Top Stories

February 28, 2022


Facebook limits Russian media from running adverts

Social media network Facebook says it has restricted Russian state media’s ability to earn money on its platform, following Russia’s invasion of Ukraine. The platform is now prohibiting Russia state media from running ads and monetising on the platform. Facebook has also released a feature in Ukraine that allows people to lock their profiles for increased security. The company has also set up a special operations centre to monitor the situation in Ukraine. Facebook’s parent company Meta said Russia would hit its services with restrictions after it refused Russian authorities’ orders to stop using fact checkers and content warning labels on Meta platforms. Russia’s media regulator has limited access to Facebook, accusing the social media platform of censorship and violating the rights of its citizens. (Al Jazeera)


BP to offload stake in Rosneft amid Ukraine conflict

Multinational oil and gas company BP is expected to offload its 19.75% stake in Russian state-owned oil firm Rosneft following pressure from the UK government after Russia’s invasion of Ukraine. BP owned the stake since 2013, but its offload means it will sever its financial ties with Rosneft, stop taking a dividend and terminate its board membership. Rosneft chairman Igor Sechin is said to be a close ally of Russian president Vladimir Putin with the company providing fuel to the Russian army. The UK’s Business Secretary Kwasi Kwarteng said that Russia’s invasion must be “a wake-up call for British businesses with commercial interests in Putin’s Russia”. Similarly, Norwegian energy giant Equinor announced it will start the process of divesting from its own joint ventures in Russia. (BBC News)


UK women subject to 15.4% pay gap compared to men

A study by a UK federation of trade unions the Trade Union Congress (TUC) has found that the average woman works free for almost two months a year in comparison to the average man. The research has discovered a gender pay gap of 15.4% for all workers. Researchers warn this disparity is equivalent to women being forced to wait 56 days before they begin to earn money, with an even larger 69 day gap in the southeast. The study found the gender gap was as high as 25.4% in the education sector, 18.3% in health and social work, and highest in finance and insurance at 32.3%. A spokesperson from the TUC called on companies to go beyond publishing gender pay gap figures and publish steps to close pay gaps. (The Independent)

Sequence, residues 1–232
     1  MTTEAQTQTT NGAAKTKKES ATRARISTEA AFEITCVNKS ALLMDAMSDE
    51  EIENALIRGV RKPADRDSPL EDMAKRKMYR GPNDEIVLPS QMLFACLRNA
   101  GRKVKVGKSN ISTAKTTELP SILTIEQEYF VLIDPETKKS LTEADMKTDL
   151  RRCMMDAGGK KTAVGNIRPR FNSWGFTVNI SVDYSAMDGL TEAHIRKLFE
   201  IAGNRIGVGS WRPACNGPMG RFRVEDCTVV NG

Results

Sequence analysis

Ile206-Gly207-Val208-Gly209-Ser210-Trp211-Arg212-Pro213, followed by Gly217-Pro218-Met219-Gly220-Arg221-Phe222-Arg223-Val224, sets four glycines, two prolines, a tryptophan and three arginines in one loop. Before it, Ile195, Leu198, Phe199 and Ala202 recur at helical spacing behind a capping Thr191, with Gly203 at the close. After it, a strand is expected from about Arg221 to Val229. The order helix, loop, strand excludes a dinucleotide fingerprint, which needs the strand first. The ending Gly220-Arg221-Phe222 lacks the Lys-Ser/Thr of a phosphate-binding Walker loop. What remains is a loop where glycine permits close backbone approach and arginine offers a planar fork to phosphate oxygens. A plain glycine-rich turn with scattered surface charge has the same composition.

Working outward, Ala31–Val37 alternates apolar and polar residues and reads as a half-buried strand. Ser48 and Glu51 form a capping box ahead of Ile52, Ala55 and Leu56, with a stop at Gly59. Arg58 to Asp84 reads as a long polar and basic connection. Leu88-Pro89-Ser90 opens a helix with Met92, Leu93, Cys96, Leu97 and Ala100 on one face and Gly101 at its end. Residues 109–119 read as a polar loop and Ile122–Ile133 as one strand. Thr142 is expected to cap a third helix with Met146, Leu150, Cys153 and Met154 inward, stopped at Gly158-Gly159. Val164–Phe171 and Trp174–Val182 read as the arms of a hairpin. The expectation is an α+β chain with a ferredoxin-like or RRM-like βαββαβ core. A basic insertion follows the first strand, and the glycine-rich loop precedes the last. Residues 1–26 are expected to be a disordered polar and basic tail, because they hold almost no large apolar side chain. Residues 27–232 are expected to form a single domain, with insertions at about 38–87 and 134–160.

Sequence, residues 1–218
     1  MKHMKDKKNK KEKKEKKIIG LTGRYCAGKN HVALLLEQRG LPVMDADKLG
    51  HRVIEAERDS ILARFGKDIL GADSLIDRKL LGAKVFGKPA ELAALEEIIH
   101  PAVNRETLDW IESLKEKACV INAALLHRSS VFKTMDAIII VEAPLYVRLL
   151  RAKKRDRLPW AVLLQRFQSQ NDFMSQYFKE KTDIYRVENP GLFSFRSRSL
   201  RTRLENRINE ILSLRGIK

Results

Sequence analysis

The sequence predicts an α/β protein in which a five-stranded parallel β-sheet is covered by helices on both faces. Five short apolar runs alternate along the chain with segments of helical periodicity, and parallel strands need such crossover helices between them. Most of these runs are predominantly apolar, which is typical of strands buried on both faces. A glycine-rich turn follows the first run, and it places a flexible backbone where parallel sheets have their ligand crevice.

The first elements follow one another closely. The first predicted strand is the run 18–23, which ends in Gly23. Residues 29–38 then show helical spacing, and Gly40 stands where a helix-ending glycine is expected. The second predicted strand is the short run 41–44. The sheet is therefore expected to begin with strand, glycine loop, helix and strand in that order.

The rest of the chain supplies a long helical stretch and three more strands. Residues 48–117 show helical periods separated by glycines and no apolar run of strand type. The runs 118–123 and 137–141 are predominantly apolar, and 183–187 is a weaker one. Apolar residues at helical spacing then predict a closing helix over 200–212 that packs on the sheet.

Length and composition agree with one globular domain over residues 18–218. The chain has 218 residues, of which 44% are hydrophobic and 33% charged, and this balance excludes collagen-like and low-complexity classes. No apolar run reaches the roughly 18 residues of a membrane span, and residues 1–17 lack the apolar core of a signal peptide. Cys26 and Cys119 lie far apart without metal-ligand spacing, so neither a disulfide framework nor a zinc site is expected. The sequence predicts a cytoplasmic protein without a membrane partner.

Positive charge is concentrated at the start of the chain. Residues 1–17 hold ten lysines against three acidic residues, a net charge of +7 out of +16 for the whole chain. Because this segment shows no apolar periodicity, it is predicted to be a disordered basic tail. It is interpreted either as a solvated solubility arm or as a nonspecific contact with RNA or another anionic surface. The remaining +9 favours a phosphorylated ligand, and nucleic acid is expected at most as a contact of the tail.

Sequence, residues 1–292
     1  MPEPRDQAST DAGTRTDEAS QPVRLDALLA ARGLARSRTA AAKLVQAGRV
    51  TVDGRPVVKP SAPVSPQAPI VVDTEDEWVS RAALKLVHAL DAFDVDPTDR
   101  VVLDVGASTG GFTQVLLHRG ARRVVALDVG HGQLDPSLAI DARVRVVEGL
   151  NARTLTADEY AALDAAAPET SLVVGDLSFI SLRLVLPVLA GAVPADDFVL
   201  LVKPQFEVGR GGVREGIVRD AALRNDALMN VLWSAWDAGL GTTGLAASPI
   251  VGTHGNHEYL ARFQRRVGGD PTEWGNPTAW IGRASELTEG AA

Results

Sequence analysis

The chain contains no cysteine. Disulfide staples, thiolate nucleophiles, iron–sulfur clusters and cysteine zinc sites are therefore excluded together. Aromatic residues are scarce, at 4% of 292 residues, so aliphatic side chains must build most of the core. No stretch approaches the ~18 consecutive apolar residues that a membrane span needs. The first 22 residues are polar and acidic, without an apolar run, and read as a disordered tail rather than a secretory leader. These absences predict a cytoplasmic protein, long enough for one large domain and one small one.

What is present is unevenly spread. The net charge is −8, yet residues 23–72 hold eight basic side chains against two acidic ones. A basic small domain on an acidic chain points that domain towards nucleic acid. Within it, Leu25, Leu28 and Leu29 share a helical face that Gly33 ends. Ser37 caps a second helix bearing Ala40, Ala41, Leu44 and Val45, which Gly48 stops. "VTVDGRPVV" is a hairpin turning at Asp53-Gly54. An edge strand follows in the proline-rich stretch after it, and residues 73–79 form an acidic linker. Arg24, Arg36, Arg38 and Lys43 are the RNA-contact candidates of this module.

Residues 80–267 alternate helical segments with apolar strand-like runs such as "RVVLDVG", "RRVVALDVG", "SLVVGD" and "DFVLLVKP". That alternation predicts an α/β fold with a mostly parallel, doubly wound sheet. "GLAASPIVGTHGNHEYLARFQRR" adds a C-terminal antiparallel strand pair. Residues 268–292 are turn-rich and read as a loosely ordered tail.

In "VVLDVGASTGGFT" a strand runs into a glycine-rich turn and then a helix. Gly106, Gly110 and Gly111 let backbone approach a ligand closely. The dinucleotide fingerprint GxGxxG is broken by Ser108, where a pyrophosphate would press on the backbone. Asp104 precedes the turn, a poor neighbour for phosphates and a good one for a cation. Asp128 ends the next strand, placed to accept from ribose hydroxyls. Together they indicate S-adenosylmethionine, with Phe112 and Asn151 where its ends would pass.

Chevron in talks for $3bn Renewable Energy purchase

Multinational energy company Chevron is in advanced talks to buy US biorefinery company Renewable Energy Group for an estimated $3 billion. Chevron is discussing paying $61.50 per share for Renewable Energy Group, although no final decision has been concluded and the terms of the trade may change. The deal would give a significant boost to Chevron’s push into renewable fuels, where significant demand is expected to grow in coming years as businesses and governments move away from oil and gas. Chevron said in 2021 it expects to invest $10 billion through to 2028 on low-carbon technologies. Renewable Energy Group describes itself as North America’s largest producer of advanced biofuels, with a market value of $2.2 billion. (Bloomberg)*


Governments underreporting on methane emissions

A report by energy intergovernmental organisation the International Energy Agency (IEA) has found substantial underreporting of government methane emissions. Using satellites and new technologies, the IEA found methane emissions were about 70% higher than what has been reported by national inventories. The IEA stated the findings show the need for better accountability from governments and more efforts to plug leaks. According to the IEA, many countries’ official greenhouse gas emissions figures have not been updated for years, with others reporting inaccurate figures. The latest data shows that the global energy sector was responsible for 135 million tonnes of methane emitted into the atmosphere last year, an annual increase of just under 5%, largely due to higher fossil fuel demand and production and economies aimed to recover from the Covid-19 pandemic. (Eco-Business)

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